Myners’ attempt to fix the groups woes might be successful in business terms, and might work reasonably quickly. This would rather miss the point of the concerns raised within the movement. Myners’ proposals do make the Co-op Group more like a conventional business. They also multiply the external and capitalist influences on its running. By minimising rather than directly addressing this issue, Myners does not provide a longer-term answer for how the Co-op Group can source individuals with both the business experience and co-operative values it seeks.
For the average member, as much as for the Group Board, a solution to the current financial situation by raising member capital such as proposed by David Thompson seems distant because we have little evidence (to my knowledge) that most members see themselves as anything more than loyalty-card holders. The Co-op Group has failed to articulate its relevance and purpose to many of its own members, and clearly does not see this sort of solution as feasible. A co-operative that does not rely on its members to solve its problems is by definition not acting in their mutual interests. This is not only a business in trouble: we are witnessing a failure of education that has led to a failure of governance.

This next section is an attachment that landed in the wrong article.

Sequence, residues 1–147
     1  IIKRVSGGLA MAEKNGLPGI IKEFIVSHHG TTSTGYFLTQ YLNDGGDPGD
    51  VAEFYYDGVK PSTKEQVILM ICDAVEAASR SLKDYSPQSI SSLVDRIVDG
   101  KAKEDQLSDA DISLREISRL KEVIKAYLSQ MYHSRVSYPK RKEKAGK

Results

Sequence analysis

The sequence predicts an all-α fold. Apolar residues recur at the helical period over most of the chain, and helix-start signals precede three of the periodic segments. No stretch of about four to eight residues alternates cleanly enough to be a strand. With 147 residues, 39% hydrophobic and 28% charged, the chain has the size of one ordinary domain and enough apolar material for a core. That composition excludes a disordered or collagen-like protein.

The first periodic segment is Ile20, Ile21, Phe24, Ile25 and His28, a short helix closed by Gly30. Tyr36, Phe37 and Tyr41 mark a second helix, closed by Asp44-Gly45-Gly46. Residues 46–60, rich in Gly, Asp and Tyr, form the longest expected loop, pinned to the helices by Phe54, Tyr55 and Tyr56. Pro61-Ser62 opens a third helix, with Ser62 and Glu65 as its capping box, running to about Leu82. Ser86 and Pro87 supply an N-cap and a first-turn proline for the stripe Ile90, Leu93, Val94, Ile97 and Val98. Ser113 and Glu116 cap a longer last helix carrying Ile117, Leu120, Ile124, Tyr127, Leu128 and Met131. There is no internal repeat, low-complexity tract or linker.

Myners largely dismisses existing educational programmes for preparing members for Group Board roles, saying they are not up to the task. He is probably right – for a role of this nature, experience counts, and the training, while good, is not likely equivalent to the kinds of instructional programmes the co-operative movement offered in its heyday in the mid-20th Century, nor is it adequate to the demands of these roles. To quote at some length from p.57 of Myners’ report:
‘training alone will not equip an otherwise inexperienced person with the skills required to serve effectively on the board of the Group’